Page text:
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[December 20, 2012]
New mapping system has big potential for county
JEFFERSON, Dec 20, 2012 (Star Beacon - McClatchy-Tribune Information Services via COMTEX) -- Commissioners want more elected officials, county departments and townships to tap into the potential of the county's new GIS maps.
The GIS, or Graphic Information Systems, software and hardware were purchased last year with a portion of the 9-1-1 parcel assessment. A primary use of the system is to guide first responders to addresses and give them pertinent information, such as the whereabouts of fire hydrants, for any given address. The county auditor's real estate department is caretaker of the mapping system and has a full-time GIS specialist, Tami Sulak, on staff.
Dennis DeCamillo, manager of that department, along with Auditor Roger Corlett and Sulak met with commissioners on Tuesday to discuss how the GIS maps could help other departments and Ashtabula County communities. For example, DeCamillo said he is working with the board of elections to provide an overlay, or layer, of information specific to voting precincts.
The layer, created from spreadsheet data, will help the board eventually develop booklets for precinct workers. DeCamillo said that is a pretty basic application, however. The real power of the system comes when turn-out data can be incorporated to show not just how many registered voters are in a precinct, but also predict what percentage of them are likely to vote. That kind of data can guide the board in re-districting of precincts.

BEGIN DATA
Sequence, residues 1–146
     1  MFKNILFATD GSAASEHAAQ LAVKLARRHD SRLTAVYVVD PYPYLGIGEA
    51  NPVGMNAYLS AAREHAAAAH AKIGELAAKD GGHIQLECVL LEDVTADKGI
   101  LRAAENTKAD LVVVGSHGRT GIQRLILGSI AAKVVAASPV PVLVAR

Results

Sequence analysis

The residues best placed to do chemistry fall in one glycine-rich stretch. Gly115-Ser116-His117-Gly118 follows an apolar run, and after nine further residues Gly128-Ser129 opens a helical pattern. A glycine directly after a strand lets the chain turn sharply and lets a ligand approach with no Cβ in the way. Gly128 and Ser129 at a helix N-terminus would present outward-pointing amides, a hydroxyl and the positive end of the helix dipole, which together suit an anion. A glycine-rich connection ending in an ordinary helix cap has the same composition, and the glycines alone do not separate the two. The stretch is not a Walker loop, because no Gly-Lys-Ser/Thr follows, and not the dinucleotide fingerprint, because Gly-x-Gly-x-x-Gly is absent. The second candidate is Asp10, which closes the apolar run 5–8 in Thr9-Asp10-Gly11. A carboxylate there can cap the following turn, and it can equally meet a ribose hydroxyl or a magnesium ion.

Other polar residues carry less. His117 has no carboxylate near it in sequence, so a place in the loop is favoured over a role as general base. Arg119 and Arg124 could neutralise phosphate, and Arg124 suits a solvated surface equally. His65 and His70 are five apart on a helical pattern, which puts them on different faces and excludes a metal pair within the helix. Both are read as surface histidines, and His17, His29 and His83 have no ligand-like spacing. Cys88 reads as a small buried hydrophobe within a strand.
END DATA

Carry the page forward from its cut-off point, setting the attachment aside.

Commissioner Dan Claypool said he wants other elected officials to tap into the power of GIS.
"We really need to let people know what is available and how to access it," Claypool said. "I suggest we send out an email and host a meeting. People don't understand, I believe, what is available to them." DeCamillo said the data available through the mapping system is public and his department can often provide it at no charge. However, creating a special map layer, to show the location of gas wells, for example, could necessitate charging for the service, DeCamillo said.
Janice Switzer, manager of the county's department of planning and community services, said her department is relying on Google maps when submitting grant applications. She said the department needs to tap into the county's map software, but the software the department uses is not compatible with the new GIS system.
Switzer said her department has some unused appropriations that could be used to start acquiring the hardware and software needed to tap into the data.
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